In the early C16 the population of Germany was growing. There was pressure on land and land prices increased. Landlords attempted to re-introduce feudal labour which would have greatly increased their hold over the peasants. This caused great resentment amongst the peasants and they started to support a man called Thomas Muntzer who openly called for greater social equality.
In 1525, a major revolt took place in the Black Forest. This was the so-called "Peasants Revolt". Violence had occurred as early as 1524 but on an infrequent basis. In 1525 this anger spilled over into a mass revolt involving possibly as many as 250,000 people.
The peasants issued their "Twelve Articles". This was a list of their religious and social demands and included demands that ministers should be elected by the whole congregation and that they should teach the Holy Gospel in a pure and simple form. They also demanded fair rents for land and no serfdom. Though these might have appeared to have been fair demands, the men of property (and therefore of power) were horrified. Some leaders wanted slight change to suit the times but no-one in authority wanted equality.
In April 1525, Luther had shown support for the peasants in his "Friendly Admonition to peace concerning the Twelve Articles of the Swabian Peasants".
This openly criticised lords but especially bishops and "mad priests". However, Luther also criticised the peasants use of force and he clashed with them over their claim that serfdom should be abolished. The peasants argued that Jesus had died on the cross for all people great and small, and therefore there should be no inequality. Luther argued against this by writing that:
|"this article would make all men equal and turn the spiritual kingdom of Christ into a worldly kingdom - and that is not possible……..a slave can be a Christian and have Christian liberty."|
By the spring of 1525, 250,000 peasants were in revolt. Southern Germany suffered especially badly. North-east and North-west Germany were not affected. To the general populace, Luther seemed to support the peasants religious demands but not their social or economic ones. But Luther hit a major problem.
The rebels started calling themselves "Lutherans" and Luther feared that once the revolt had finished he and his new movement might face a severe backlash from state leaders which could seriously undermine it. Would the princes who had supported Luther in some states see him as a threat to law and order? Without their support Luther was in a vulnerable position with regards to the emperor.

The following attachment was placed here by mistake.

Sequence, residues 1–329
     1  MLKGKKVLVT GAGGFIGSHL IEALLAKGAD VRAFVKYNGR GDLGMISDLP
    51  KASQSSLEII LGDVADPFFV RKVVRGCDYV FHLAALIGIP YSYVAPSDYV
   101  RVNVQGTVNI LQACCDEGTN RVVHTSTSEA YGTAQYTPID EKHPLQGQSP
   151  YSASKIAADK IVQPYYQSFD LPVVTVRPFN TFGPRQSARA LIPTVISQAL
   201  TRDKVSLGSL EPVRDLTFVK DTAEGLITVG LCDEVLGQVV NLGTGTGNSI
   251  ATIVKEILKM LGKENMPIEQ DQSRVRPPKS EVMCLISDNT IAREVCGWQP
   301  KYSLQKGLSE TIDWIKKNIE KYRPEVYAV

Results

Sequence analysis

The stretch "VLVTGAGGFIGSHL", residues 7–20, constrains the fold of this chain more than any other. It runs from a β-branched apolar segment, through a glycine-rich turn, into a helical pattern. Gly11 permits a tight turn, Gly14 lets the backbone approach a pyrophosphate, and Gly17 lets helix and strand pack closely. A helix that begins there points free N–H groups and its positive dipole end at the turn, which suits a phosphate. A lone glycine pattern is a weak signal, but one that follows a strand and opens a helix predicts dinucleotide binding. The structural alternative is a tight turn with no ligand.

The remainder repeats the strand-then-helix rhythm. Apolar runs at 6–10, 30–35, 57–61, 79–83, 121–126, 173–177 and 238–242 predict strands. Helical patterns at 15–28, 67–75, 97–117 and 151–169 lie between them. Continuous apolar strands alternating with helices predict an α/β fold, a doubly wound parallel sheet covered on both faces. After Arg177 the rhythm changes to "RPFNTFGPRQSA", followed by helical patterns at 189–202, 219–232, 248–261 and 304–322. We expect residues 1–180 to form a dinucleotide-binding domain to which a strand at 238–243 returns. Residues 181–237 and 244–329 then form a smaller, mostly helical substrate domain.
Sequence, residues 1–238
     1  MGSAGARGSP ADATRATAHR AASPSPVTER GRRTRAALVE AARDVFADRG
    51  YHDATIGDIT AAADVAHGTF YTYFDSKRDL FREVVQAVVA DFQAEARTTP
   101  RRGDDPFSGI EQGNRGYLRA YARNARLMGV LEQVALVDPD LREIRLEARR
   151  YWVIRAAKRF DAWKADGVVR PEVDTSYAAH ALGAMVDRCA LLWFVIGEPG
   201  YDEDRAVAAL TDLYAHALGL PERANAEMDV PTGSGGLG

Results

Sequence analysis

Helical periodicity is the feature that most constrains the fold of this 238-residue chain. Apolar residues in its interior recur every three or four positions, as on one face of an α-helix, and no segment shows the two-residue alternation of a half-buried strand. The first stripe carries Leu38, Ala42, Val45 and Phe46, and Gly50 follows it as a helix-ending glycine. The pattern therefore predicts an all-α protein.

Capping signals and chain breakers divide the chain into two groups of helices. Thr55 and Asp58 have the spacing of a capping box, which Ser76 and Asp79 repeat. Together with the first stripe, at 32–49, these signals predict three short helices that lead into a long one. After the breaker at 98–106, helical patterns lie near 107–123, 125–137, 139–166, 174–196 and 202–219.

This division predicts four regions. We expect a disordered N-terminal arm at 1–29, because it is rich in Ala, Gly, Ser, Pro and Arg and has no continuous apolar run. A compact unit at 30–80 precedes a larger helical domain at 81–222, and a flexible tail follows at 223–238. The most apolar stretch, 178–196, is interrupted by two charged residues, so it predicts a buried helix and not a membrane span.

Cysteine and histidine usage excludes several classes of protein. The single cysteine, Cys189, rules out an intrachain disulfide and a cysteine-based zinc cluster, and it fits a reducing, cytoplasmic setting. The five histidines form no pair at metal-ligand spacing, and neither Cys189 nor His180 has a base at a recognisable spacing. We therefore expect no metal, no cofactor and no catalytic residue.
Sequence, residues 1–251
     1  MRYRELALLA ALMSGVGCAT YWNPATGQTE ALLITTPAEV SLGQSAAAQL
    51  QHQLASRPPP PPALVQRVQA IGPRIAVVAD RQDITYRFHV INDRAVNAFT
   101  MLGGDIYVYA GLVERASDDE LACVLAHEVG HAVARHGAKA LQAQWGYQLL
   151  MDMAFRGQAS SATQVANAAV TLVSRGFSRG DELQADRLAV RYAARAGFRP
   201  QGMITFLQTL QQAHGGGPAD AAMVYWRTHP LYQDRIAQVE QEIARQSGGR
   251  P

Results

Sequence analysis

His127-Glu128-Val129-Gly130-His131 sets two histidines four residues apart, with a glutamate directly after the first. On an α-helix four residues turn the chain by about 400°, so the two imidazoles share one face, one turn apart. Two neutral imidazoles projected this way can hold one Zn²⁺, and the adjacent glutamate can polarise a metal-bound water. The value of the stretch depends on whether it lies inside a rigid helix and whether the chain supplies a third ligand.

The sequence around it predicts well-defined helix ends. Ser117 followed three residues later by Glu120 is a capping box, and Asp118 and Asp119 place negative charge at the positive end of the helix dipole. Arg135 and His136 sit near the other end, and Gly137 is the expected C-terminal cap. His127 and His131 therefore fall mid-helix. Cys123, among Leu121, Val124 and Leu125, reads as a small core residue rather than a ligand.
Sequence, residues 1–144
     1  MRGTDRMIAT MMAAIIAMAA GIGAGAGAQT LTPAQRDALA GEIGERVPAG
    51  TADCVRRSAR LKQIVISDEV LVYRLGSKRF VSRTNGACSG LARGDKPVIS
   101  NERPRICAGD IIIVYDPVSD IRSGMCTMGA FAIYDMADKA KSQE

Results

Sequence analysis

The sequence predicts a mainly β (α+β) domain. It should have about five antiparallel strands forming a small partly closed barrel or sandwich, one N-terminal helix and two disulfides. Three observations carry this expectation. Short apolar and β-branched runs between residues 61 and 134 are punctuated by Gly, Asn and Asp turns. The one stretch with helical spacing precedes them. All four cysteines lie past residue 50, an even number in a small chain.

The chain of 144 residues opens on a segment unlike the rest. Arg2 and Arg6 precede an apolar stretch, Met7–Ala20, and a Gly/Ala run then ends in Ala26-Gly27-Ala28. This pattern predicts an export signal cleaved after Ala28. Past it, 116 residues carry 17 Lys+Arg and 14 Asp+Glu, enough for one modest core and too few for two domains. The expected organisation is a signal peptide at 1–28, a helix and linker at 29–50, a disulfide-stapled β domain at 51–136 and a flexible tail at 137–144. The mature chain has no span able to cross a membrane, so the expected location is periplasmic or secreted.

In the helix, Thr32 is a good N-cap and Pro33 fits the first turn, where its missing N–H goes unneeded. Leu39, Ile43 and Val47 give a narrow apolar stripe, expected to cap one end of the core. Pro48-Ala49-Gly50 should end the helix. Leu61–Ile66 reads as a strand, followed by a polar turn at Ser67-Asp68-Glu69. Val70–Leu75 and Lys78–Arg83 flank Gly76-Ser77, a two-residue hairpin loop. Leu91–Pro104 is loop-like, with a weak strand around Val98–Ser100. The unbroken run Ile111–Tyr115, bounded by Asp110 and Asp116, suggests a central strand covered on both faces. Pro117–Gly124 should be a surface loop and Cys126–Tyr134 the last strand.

Luther penned "Against the murderous, pillaging hordes of peasants". This called for very severe punishment for the rebels and indicated that Luther was opposed to any form of social upheaval which threatened the position of the state leaders.
The state leaders raised an army to defeat the rebels which was duly completed at the Battle of Frankenhausen in May 1525. After this, resistance amongst the peasants collapsed and savage reprisals took place. It is thought that as many as 100,000 died during these reprisals.
Why is this revolt important?
1. Luther ‘showed’ to the princes that he could be trusted with regards to issues such as social stability and opposing rebellion to the established order. In crude terms, he showed to those in power that he was on the 'right side'.
2. He also showed to some elements within the poorer social classes that Luther was not for them. It is difficult to know if they felt betrayed as the evidence does not exist but the poor tuned to more revolutionary sects such as the Anabaptists.
3. The middle class associated themselves to Luther as he represented social stability. Both the middle class and the princes (the upper class) were fearful for their property and the violent but successful end of the revolt and the condemnation of the peasants by Luther lead to these groups in northern Germany giving their support to Luther.
4. Luther had got the support from those who mattered in society. He also lost support from those who mattered least.
Regardless of what occurred in 1525, Luther failed to make any headway in the staunchly catholic southern states of Germany. The four points above primarily relate to the north of Germany.